$6,000 x (1.03 inflation^29 years) = $2,547 pension in 2018 dollars
$2,547 / 4% SWR = $63,675 is what the pension will be worth, in today's dollars, when you are 62
$63,675 / (1.04 real investment returns ^29 years)= $20,417 my estimate of the value of this pension

If you use 7% real investment returns as many people here like to do, that puts the value of this pension at $9,090.

Sure the pension/ G fund is essentially guaranteed and higher return investments aren't, but there's no way you'd put all your money in the G fund for 29 years, so I think you'd drastically overstate the value of the pension by using that as your investment return assumption.

Thanks all for your great comments!  I am following your logic on the depreciation on NPV of pensions worth until the 20,400 and 9090 number.  Do you mean the pension is worth  around $2000 less than the 11k i have in there now?  It still sounds relatively 50/50 on best course of action, in which case i would be inclined to leave it to the dudes point about treating it like a bond allocation.

dabighen- are you saying you understand how I calculated the future value of $63,675, but don't get why you'd need to discount that down to $20,417 present value? Say instead a pension it was a regular investment account that would have $63,675 when you are 62. It will be worth that in 29 years but it's not worth that now. You need to discount by whatever investment returns you expect in those years.

Personally I'd say the value is a bit higher in keeping it in the pension, but it depends on what assumptions you have for investment returns, as well as the likelihood that federal pensions aren't changed without you being grandfathered in. I certainly wouldn't stay in out of "laziness" though, as you'll need to make sure your paperwork is in order 30 years from now. Also if we get 1980s inflation long term, then the pension won't be worth much.

Fomerly known as something

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Re: FERS deferred annuity question
« Reply #12 on: December 20, 2018, 05:55:05 AM »
Are you old contributions or new (post 2013 hire).  Meaning were you grandfathered in at 1% contributions or are you at one of the higher ones.  I think this does make a difference.  I think for new hires paying 3-4% with shorter tenures far away from age 62 it makes a difference in favor or withdrawing and investing.

dabighen

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Re: FERS deferred annuity question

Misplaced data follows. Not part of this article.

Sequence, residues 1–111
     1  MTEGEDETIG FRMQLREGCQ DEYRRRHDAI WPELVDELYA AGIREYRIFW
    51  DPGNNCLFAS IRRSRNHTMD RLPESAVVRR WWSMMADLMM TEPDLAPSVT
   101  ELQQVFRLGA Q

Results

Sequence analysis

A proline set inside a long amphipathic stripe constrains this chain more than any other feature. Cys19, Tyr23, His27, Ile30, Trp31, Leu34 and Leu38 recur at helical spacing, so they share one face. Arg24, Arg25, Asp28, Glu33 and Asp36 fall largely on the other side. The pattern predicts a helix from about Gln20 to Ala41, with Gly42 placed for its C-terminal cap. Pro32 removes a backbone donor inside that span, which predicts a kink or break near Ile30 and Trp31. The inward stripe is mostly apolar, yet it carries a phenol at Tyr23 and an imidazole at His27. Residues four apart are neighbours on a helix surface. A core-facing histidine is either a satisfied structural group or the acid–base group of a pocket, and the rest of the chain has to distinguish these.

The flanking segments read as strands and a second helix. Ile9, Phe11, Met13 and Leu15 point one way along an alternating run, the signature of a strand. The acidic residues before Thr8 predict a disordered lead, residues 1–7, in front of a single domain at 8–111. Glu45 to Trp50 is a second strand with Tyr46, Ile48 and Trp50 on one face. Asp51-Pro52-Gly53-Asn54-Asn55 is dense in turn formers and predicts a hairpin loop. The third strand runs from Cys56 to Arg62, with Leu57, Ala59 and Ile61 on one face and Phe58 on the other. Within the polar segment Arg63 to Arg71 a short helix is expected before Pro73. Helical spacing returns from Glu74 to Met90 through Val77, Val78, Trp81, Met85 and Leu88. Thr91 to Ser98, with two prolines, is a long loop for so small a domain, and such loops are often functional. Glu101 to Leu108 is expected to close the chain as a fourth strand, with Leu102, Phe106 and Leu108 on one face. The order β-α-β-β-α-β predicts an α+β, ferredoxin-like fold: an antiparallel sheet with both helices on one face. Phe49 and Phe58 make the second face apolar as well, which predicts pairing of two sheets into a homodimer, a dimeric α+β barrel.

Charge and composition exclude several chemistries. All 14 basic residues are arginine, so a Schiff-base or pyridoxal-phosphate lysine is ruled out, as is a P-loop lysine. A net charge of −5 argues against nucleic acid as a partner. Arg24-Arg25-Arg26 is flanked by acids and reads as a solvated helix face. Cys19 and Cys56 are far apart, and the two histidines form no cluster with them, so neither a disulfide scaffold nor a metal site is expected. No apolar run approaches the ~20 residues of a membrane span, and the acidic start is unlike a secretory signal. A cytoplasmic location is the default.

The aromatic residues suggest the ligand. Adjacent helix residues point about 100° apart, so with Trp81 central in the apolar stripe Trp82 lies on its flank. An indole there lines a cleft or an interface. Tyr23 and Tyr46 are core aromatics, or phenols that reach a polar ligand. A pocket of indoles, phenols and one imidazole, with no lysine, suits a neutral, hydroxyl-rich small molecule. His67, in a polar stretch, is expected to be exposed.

« Reply #13 on: December 20, 2018, 06:42:58 PM »
I was hired a week after they changed to the 3%from .8%.  Hard luck eh?  Haha.

sparkytheop

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Re: FERS deferred annuity question
« Reply #14 on: December 21, 2018, 12:16:32 AM »
I may be wrong on this, but something to ask about or look into...

We were told to never cash out that pension money (Cumulative Retirement, box 19 on your LES).  As it was explained to us (it's been years, so this is why it could be fuzzy)-- Once you cash it out, it's gone.  Unlike military time, you cannot "buy it back" (I could be wrong here, but I swear that's what he said).  If you cash it out, you lose that time as "years of service" if you do come back to the government later. 

What are the chances of you going back to federal service?  Is $11k worth losing 5 years toward your pension?  (and not just five years of money, but 5 years of service-- that could mean the ability to retire at MRA of 57, or having to work later to get a full pension because your years of service are too short).

It may also eliminate your time toward leave.  The more years you have in, the more annual leave you accumulate.  5 years already worked would get you a lot closer to that 8 hours/pay period.

If you know you'll never return to government service, the above doesn't matter near as much.

DoNorth

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Re: FERS deferred annuity question
« Reply #15 on: December 21, 2018, 01:14:14 AM »
Congress reversed this rule some years back.  You can buy your time back as long as the FERS withdrawal came after October 2009 https://www.opm.gov/retirement-services/benefits-officers-center/webcast-presentations/civilian-redeposits.pdf



"I may be wrong on this, but something to ask about or look into...

We were told to never cash out that pension money (Cumulative Retirement, box 19 on your LES).  As it was explained to us (it's been years, so this is why it could be fuzzy)-- Once you cash it out, it's gone.  Unlike military time, you cannot "buy it back" (I could be wrong here, but I swear that's what he said).  If you cash it out, you lose that time as "years of service" if you do come back to the government later. "